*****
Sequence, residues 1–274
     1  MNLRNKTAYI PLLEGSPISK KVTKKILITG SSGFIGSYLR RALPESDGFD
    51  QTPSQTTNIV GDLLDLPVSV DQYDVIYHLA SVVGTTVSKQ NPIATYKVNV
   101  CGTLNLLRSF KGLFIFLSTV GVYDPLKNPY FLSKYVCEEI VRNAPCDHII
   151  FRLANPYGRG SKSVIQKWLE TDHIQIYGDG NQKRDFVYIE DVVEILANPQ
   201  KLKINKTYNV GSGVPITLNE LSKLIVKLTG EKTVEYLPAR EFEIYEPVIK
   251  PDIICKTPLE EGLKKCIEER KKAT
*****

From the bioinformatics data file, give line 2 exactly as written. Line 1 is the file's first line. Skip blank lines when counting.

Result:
     1  MNLRNKTAYI PLLEGSPISK KVTKKILITG SSGFIGSYLR RALPESDGFD